By Regina Mihindukulasuriya /Observer Research Foundation
New Delhi, October 20: It rose from the deep, at first small, and fumbling for a way to sustain itself. The world didn’t really know what to make of it at first—it was a shapeless virtual thing piggybacking on the Internet.
A mere 30 years ago, people weren’t too interested in the internet or anything that existed on it. In fact, a 1998 quote from American economist and a 2008 Nobel prize winner Paul Krugman resurfaced by tech analyst Ben Thompson, dreadfully underestimates the Internet, “By 2005 or so, it will become clear that the Internet’s impact on the economy has been no greater than (that of) the fax machine’s.”
And so, the world largely left the sector to its own devices to grow unfettered, because no one really thought that, in two decades, the formless internet will grow into a full-fledged giant consequential enough to rule our minds and predict our behaviour.
The legend of the Leviathan adapted for the 21st century might as well be a five headed giant known as Big Tech (Apple, Google, Amazon, Facebook, Microsoft) with other smaller personal-data guzzling platforms operating as its arms, legs, eyes, and ears to form an ever-evolving nimble giant zipping around the world on the internet as if it was a magic carpet to keep gaining more and more access and control over our lives. After using your credit card to order pizza online, don’t be surprised if you start seeing pizza ads on Facebook, Instagram, or YouTube, tempting you to order more because now Big Tech ‘knows’ you can afford it. When you write a Facebook post about being sad, don’t be surprised if you start seeing ads for mental health on Google Search.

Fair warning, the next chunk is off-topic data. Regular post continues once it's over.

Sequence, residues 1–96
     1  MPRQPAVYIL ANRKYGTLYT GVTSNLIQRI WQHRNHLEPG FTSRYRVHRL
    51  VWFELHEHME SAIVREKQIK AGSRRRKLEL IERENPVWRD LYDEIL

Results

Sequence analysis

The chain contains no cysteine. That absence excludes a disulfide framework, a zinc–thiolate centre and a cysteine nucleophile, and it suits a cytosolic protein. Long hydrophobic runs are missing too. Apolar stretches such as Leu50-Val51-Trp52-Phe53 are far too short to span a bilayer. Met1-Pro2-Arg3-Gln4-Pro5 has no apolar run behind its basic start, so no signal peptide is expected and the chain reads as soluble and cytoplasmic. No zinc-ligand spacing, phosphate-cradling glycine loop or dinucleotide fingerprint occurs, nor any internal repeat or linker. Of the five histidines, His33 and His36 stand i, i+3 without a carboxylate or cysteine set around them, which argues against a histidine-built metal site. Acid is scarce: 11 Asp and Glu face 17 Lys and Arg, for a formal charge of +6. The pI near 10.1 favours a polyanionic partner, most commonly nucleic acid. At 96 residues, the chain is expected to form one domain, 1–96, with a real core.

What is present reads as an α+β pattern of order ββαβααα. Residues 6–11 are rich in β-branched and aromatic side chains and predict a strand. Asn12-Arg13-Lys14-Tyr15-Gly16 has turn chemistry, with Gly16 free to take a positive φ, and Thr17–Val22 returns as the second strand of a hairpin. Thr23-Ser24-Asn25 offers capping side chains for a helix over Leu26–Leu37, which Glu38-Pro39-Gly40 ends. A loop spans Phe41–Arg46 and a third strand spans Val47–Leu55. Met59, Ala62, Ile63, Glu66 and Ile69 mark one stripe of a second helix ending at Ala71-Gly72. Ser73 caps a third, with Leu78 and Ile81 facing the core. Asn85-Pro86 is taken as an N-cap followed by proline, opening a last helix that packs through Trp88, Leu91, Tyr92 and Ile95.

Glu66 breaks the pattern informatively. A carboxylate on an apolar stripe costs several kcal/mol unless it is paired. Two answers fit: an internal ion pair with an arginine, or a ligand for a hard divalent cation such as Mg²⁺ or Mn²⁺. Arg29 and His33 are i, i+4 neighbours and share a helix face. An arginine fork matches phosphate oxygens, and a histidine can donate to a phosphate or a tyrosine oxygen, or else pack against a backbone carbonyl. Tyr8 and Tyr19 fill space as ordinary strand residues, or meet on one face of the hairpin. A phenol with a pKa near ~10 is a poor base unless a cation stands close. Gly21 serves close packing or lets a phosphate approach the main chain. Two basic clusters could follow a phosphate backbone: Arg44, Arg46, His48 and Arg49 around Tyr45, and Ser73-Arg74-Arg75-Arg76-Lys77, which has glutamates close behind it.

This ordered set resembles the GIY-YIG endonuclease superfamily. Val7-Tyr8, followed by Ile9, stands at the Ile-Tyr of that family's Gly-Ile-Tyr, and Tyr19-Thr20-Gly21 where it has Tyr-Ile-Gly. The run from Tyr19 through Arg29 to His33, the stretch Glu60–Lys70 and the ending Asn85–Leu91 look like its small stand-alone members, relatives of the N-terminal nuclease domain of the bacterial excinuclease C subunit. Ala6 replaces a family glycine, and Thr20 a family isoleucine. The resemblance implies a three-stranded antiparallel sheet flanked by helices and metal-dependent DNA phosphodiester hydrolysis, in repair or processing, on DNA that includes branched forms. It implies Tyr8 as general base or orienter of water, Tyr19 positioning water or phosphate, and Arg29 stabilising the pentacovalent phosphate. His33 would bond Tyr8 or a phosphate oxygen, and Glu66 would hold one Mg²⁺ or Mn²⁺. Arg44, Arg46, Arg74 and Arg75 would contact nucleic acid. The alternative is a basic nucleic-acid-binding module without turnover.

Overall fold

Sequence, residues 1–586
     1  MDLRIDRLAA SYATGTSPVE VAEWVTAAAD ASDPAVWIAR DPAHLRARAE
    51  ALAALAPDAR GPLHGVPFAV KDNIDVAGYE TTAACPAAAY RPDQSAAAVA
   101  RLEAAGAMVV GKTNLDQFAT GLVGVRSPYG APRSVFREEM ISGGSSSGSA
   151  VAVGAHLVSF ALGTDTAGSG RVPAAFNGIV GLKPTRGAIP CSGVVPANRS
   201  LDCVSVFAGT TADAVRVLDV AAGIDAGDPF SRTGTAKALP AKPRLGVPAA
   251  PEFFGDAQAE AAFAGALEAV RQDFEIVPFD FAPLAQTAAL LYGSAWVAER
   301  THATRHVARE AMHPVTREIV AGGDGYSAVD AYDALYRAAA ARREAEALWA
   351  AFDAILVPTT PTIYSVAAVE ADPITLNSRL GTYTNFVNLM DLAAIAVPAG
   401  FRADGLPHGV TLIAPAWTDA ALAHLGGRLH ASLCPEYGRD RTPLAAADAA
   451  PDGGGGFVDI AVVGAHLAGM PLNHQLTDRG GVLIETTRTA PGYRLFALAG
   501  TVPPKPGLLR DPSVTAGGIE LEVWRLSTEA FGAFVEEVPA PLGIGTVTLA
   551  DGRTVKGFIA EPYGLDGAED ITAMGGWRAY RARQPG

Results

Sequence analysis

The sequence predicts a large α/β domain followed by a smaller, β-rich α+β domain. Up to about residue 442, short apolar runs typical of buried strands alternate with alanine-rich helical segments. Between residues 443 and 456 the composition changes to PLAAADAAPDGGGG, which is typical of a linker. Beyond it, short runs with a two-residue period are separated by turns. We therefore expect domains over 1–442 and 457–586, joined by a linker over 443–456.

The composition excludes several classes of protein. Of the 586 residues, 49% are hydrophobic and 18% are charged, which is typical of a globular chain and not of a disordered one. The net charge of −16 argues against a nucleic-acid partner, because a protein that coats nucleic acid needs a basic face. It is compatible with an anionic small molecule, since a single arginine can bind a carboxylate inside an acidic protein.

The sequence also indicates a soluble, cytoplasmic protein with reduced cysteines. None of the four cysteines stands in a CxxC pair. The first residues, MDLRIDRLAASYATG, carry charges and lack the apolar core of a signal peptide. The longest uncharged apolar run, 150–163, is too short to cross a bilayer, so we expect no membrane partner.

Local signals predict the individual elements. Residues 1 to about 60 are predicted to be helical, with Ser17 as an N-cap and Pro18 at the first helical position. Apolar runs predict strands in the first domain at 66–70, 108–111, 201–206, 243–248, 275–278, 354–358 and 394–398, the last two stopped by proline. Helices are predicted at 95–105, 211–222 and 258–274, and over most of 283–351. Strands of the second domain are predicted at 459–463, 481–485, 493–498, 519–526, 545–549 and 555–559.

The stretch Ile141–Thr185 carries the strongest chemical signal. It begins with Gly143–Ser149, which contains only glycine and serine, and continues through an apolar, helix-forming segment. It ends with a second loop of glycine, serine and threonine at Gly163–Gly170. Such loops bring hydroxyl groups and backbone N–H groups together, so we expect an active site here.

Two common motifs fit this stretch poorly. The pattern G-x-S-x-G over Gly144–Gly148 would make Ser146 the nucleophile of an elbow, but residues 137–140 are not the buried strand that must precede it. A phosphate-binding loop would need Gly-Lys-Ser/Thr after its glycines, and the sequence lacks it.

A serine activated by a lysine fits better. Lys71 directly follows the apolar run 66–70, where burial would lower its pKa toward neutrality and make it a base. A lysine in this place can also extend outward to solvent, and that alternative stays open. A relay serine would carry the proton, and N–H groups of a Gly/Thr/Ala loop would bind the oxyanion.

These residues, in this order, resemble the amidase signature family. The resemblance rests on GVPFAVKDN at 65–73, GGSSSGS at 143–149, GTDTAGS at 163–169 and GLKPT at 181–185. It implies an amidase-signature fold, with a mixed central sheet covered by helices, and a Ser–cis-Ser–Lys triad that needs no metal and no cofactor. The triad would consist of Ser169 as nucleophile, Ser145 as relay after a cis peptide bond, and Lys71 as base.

At a larger scale, Russians were targeting American social media and PayPal users with propaganda during the 2016 US elections few thought Trump would win. In 2018, two men were killed in Assam because of rumours spread on WhatsApp. Sri Lanka shut down Facebook services and Viber messaging app in 2018 to stem the spread of inflammatory content following an altercation between Muslims and Sinhalese.
No country is left untouched by the undesired ripples of the Leviathan’s impact and no government can afford to stand by and watch its citizens get hurt or democratic processes get tampered. As US President Joe Biden said of social media platforms, “They’re killing people”.
After years of very little action to regulate tech companies, Governments are showing their might. India swiftly banned over 59 Chinese apps including the mega successful TikTok to show it will not compromise national security even if it angers China, an important trade partner.
Then, after at least two years of mulling revisions to the intermediary guidelines, the newly gazetted rules were published in 2021 only a few hours after a government statement firmly said, “Social media platforms welcome to do business in India but they need to follow the Constitution and laws of India”.